In the context of security and justice reform, vision and policy cascade down from the national level, to the national security system level, and to the national security institution level, and also could bubble up the other way. What is essential is that security and justice vision and strategy align with those above and below it. In this way the vision and strategy for the national security system will reinforce the overall development of the country, and the national security institutions will act together as a coherent whole to ensure maximum human security for the country's residents.
The practice of formulating a national security vision, policy and strategy is still very much in its infancy, with few countries having reached this level of detail in their ability to look at state-level governance and structures. As a result, common definitions of the meaning, hierarchy and processes involved are still in flux.
National Security Strategy or National Security Reform Strategy?
A National Security Strategy or Policy(NSS or NSP) is a key framework for a country to meet the basic needs and security concerns of citizens, and to address external and internal threats to the country. In addition to focusing on the effectiveness of security providers, many of the more recent, forward-looking NSS or NSPs pay particular attention to the relevance of security services, public legitimacy, local ownership and sustainability, in addition to implementation measures and improving the efficiency of security services provision. More specifically, these issues include:
- Human security
- Oversight and accountability
- Human rights
- Gender Equality
On the other hand, the objective of a National Security Reform Strategy is to define how the sector or organisation under reform will operate in the future. It assesses the relevance of the current situation to the future, identifies gaps, and plans for closing them. It tends to take a systemic approach, allowing areas such as information systems, organisational design, logistics, to be included in evaluating the opportunities within the sector. The typical five key elements a reform expert should look at whilst reforming institutional architecture are:
- Core processes
- Human resources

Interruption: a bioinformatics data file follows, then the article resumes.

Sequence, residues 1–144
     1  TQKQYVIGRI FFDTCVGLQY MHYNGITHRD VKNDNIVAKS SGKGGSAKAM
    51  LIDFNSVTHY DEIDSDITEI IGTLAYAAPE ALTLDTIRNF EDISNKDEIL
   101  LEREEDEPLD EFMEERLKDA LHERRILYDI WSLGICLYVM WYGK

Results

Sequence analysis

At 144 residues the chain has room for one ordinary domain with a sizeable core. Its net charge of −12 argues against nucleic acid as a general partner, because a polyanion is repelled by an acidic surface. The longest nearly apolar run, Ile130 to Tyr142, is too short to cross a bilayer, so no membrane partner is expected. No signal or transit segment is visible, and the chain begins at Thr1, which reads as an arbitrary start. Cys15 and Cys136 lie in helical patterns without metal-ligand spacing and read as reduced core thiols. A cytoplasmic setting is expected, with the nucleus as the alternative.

- Equipment and facilities
- Information systems and Technology
In this guidance, the term policy is used to describe the overarching goals, purposes and values related to national security. The term strategy is used to describe a document that aims to conciliate between aspirations and means. The term vision is used as part of a policy document. The term plan is used to reflect the specific changes needed to achieve the goals set in the national policy and/or strategy.
Each country will have its own preferences while selecting and adapting terminology to its needs. In reality, when building a security and justice vision and strategy, most countries would think about a security policy document and a security and justice reform plan. What is important is that each of these key documents is the product of a truly comprehensive and inclusive dialogue process resulting in a widely and genuinely shared view.
Phases and Sub-Activities
- Launch National Dialogue Process
- Set Up Steering Committee Including Secretariat for Operational Support
- Organise National Dialogue Forum on Security, Justice Vision and Future Policy
- Formulate Preliminary Vision and Basic Elements to be Included in the Security and Justice Policy
- Draft Final National Security and Justice Policy
- Communicate Main Conclusions
- Undertake Prior Assessment of Strategic Context
- Set Up Steering Committee (if different from National Security Policy Steering Committee)
- Conduct Further National Dialogue on the Means to Meet the Vision and Objectives Outlined in the NSP
- Establish a National Security Forum Composed of Representatives from Government and Academia to Exchange Ideas on Strategy Development
- Decide On Key Priorities, Lead Actors, Coordination Mechanisms, and Human and Financial Resource Needs
- Draft the National Security Strategy